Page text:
Illinois has Warmer, Drier Soils in Mid-April
|Jennie Atkins, Ph.D. - (217) 333-4966, firstname.lastname@example.org|
Lisa Sheppard - (217) 244-7270, email@example.com
CHAMPAIGN, Ill. – Warmer weather in the second week of April brought warmer and drier soils, according to Jennie Atkins, Water and Atmospheric Resources Monitoring (WARM) Program manager at the Illinois State Water Survey, Prairie Research Institute, University of Illinois.
Bare soil temperatures, on average, rose more than 15 degrees during the week with statewide averages of 63.0 degrees F for 2-inch depths and 61.5 degrees for 4 inches on April 16. Temperatures under sod rose more slowly with temperatures at the end of the week averaging 57.0 and 55.2 degrees at 4- and 8-inch depths, respectively.
Increases occurred across the state. Temperatures in southern Illinois rose 15.2 degrees, ending the week with a regional average of 63.7 degrees at 2 inches under bare soil. The coolest temperatures were in the north where 2-inch temperatures averaged 60.1 degrees on April 16.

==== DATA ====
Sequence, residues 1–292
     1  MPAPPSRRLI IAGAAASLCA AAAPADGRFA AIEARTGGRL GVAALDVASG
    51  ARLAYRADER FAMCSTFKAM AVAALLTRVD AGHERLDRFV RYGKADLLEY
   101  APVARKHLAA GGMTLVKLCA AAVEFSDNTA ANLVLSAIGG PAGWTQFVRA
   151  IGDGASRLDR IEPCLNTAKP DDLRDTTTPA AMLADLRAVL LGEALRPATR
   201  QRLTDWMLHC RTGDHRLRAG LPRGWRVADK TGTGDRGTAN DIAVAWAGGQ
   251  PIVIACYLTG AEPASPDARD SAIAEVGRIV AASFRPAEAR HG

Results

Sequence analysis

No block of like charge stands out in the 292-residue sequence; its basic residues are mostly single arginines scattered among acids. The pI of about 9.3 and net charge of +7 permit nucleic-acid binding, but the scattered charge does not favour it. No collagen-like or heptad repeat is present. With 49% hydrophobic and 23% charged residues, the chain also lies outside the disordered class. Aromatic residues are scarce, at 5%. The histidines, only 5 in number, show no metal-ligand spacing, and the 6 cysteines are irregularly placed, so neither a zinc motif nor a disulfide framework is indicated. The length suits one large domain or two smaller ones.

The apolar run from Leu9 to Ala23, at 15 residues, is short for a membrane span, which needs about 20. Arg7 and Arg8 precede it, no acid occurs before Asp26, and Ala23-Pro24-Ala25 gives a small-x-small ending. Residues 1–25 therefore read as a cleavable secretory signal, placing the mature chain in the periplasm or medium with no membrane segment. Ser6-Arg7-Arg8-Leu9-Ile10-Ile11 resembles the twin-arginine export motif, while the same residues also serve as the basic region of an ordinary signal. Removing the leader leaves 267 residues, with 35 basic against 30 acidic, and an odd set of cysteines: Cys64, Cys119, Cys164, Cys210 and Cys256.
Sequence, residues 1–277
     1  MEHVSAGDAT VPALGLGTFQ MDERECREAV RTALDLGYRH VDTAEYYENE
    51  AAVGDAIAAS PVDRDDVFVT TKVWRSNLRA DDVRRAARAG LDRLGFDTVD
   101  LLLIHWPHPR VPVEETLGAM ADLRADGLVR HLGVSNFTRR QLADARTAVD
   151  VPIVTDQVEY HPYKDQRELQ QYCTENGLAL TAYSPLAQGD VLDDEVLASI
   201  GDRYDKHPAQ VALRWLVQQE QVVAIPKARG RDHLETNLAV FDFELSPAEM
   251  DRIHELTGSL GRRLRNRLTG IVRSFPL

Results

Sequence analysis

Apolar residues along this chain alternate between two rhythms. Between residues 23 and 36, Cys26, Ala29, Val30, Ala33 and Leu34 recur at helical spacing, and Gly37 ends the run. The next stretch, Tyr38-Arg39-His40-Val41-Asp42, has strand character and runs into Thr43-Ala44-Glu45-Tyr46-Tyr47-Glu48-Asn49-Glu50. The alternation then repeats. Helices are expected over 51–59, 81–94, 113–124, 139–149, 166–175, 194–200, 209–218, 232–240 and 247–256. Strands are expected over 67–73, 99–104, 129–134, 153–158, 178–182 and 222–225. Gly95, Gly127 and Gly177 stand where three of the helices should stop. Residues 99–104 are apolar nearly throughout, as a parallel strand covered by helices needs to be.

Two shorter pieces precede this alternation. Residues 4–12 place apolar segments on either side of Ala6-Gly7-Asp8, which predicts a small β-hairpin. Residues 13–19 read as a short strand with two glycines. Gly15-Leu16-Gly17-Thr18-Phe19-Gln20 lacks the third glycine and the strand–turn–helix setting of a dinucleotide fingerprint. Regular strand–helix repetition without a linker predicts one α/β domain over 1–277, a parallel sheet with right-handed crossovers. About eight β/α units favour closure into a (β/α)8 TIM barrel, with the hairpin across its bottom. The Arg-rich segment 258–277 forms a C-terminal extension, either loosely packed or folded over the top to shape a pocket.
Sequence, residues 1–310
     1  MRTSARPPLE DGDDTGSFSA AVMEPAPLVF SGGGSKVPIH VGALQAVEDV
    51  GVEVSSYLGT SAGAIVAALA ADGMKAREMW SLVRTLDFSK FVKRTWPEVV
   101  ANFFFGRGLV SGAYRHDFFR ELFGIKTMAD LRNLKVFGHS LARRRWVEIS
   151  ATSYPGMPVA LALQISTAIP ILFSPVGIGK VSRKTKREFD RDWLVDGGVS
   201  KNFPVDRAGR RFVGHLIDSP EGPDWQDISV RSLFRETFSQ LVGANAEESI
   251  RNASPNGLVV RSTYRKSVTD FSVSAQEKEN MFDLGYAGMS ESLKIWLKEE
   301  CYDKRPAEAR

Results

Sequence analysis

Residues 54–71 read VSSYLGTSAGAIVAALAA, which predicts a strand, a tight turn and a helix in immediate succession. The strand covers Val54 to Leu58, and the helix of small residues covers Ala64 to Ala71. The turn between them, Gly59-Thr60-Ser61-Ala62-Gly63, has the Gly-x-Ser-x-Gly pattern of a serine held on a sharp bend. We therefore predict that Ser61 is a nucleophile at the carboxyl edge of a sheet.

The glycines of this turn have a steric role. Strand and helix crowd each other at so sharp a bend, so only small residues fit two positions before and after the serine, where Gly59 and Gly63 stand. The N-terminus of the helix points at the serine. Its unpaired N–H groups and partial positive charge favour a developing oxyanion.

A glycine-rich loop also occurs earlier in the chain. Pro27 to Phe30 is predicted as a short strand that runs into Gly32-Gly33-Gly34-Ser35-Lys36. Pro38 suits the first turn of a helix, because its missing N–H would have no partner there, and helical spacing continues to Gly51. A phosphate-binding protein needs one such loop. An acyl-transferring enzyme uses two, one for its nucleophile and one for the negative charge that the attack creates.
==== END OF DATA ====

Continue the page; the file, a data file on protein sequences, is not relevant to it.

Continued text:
Soil moisture levels decreased slightly with the warmer weather. Levels at a depth of 2 inches declined 13 percent, on average, the second week of April to a statewide average of 0.31 water fraction by volume (wfv). Levels at 4 inches also decreased to 0.32 wfv. No significant changes occurred at depths of 8 inches and greater as levels remained near or above field capacity for most of the soils monitored.
The Illinois State Water Survey’s WARM Program collects hourly and daily weather and soil information at 19 stations across the state. Daily and monthly summaries can be found at the WARM website (http://www.isws.illinois.edu/warm/) and in the Illinois Water and Climate Summary (http://www.isws.illinois.edu/warm/climate.asp).
The Illinois State Water Survey at the University of Illinois at Urbana-Champaign, a division of the Prairie Research Institute, is the primary agency in Illinois concerned with water and atmospheric resources.